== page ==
Pro/con: Diesel fuels offer high mileage, long-distance travel

For more Americans motorists this summer, the smarter all-around choice will be a new clean diesel.

FREDERICK, Md. — Are we there yet? With summer knocking at the door, many Americans are contemplating an old-fashioned hit-the-open-road summer family driving vacation.

But the pinch of higher gasoline prices and fast-aging cars in driveways means the first stop for many vacationers might be a car dealership.

For Americans looking for new fuel-efficient cars the choices are plentiful. But for those looking for a proven technology with long-term value that delivers better real-world fuel economy without sacrificing performance, the new car may not use gasoline at all.

For more Americans this summer, the smarter all-around choice will be a new clean diesel.

The new generation of clean diesel cars is guaranteed to impress and crosses generational boundaries like a family reunion at a resort park.

Baby boomers will reflect on how the new diesels are “nothing like the old ones of my day — thank goodness!” Gone are the clatter and smoke, and wheezy slow performance.

They’ve been replaced with clean, quiet and fun to drive. Generation Xers will appreciate the driving performance, long-term value and positive return on investment of the new diesels.

‘Awesome’ mPG

Millenials will “Like” and “Tweet” how awesomely far they went on one tank of fuel; a new twist on the range-anxiety plaguing electrics and other fuels. They’ll also be ready to fill up with a blend of biodiesel fuel, a unique capability shared by all diesel cars old and new.

Whatever the generation, the resurgence of the diesel car in the U.S. comes at a critical time, because the 30 percent fuel efficiency advantage of diesel over gasoline means using more diesels will reduce demand for petroleum and reduce emissions of greenhouse gases.

And since new government rules require a near doubling of fuel efficiency from today’s 27.5 mpg average to 54.5 mpg by 2025, it’s easy to see why diesels are a logical choice for consumers in the U.S. where diesels account for less than 3 percent of the market. In Europe over 50 percent of new cars are diesels.

Like the pump-bottle flavors at a summer snowball stand, today there are more diesel choices than ever before, with more on the way.

Today consumers have 22 diesel choices from 10 brands — subcompact cars, small station wagons, crossovers, full size SUVs, luxury, performance, half-ton and heavy-duty pick-up trucks.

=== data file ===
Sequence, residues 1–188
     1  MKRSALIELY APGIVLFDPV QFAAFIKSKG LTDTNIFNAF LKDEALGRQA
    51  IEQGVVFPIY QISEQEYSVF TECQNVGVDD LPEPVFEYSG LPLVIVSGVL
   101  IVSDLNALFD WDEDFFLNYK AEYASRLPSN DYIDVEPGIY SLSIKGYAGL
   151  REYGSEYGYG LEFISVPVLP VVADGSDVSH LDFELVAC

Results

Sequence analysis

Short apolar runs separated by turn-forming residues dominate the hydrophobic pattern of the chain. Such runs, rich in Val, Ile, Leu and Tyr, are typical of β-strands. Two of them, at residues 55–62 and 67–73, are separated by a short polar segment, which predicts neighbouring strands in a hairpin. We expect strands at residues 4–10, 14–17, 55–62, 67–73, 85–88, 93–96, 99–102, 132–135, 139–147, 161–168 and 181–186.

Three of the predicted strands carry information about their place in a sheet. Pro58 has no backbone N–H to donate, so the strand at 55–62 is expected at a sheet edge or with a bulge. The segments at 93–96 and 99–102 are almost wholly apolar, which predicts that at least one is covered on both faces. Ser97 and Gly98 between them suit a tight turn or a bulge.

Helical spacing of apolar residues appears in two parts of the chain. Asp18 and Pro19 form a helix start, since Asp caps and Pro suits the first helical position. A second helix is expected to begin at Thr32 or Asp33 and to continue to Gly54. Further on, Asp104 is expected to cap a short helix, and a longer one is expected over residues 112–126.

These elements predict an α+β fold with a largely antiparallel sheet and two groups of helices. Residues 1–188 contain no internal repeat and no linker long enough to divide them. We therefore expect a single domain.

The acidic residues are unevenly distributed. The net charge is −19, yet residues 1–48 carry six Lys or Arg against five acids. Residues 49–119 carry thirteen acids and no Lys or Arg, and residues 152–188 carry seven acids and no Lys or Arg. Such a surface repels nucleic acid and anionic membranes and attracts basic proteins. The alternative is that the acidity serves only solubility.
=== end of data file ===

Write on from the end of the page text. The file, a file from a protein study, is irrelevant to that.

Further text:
Five years ago less than half that were available. By 2015, there will be twice as many diesel choices in the U.S. as today.

More choices are better, because we’re not a one-size-fits-all country. From 2010 through 2012, registrations of hybrids were up 33 percent while diesels increased by 24 percent.

Meanwhile the overall auto market was up less than 3 percent. While Texas and all its big pick-up trucks help it rank No. 1 overall in diesel registrations, drivers in California, Massachusetts and New York made those states the fastest growing for sales of new diesel cars and SUVs. That we have seen this growth in diesel sales is no small feat considering the relatively few models available, an economic recession and the highest diesel fuel prices on record.

Worth the cost

All new fuel and vehicle technologies have premium prices and compromises, but when you run the numbers for long-term value, diesel drivers are seeing green.

Yes, diesel fuel prices have been 20 or 30 cents more per gallon than gasoline in recent times, but diesels also deliver better fuel economy, fewer refueling stops, consistently higher resale values, often lower maintenance costs and unmatched long-term durability without the uncertainties or limitations associated with hybrid real-world fuel economy or range limitations of electric vehicles.

As more Americans hit the road driving new clean diesel cars, they’ll take comfort knowing that more than half of all service stations today sell diesel fuel.

And with ranges of 600-700 plus miles on a single tank, there’s more time for vacationing and less time needed for fueling up.

Allen R. Schaeffer is executive director of the Diesel Technology Forum (

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